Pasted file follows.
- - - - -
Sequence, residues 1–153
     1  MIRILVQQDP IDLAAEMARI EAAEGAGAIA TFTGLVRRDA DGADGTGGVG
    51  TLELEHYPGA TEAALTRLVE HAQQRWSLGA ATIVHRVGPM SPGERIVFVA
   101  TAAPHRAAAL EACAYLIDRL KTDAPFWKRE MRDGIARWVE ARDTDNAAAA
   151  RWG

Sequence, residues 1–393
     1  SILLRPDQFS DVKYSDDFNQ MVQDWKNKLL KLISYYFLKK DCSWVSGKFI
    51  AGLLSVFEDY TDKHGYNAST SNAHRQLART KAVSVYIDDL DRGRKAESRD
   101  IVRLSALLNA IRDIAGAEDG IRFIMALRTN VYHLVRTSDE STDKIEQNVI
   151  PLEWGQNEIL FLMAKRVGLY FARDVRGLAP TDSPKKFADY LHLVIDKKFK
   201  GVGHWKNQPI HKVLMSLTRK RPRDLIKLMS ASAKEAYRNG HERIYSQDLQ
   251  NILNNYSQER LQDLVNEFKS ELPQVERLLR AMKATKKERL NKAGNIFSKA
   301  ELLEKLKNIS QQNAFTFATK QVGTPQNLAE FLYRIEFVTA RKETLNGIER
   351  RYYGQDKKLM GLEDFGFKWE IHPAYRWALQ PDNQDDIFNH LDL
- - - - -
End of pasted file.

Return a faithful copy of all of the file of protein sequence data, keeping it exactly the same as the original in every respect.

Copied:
Sequence, residues 1–153
     1  MIRILVQQDP IDLAAEMARI EAAEGAGAIA TFTGLVRRDA DGADGTGGVG
    51  TLELEHYPGA TEAALTRLVE HAQQRWSLGA ATIVHRVGPM SPGERIVFVA
   101  TAAPHRAAAL EACAYLIDRL KTDAPFWKRE MRDGIARWVE ARDTDNAAAA
   151  RWG

Sequence, residues 1–393
     1  SILLRPDQFS DVKYSDDFNQ MVQDWKNKLL KLISYYFLKK DCSWVSGKFI
    51  AGLLSVFEDY TDKHGYNAST SNAHRQLART KAVSVYIDDL DRGRKAESRD
   101  IVRLSALLNA IRDIAGAEDG IRFIMALRTN VYHLVRTSDE STDKIEQNVI
   151  PLEWGQNEIL FLMAKRVGLY FARDVRGLAP TDSPKKFADY LHLVIDKKFK
   201  GVGHWKNQPI HKVLMSLTRK RPRDLIKLMS ASAKEAYRNG HERIYSQDLQ
   251  NILNNYSQER LQDLVNEFKS ELPQVERLLR AMKATKKERL NKAGNIFSKA
   301  ELLEKLKNIS QQNAFTFATK QVGTPQNLAE FLYRIEFVTA RKETLNGIER
   351  RYYGQDKKLM GLEDFGFKWE IHPAYRWALQ PDNQDDIFNH LDL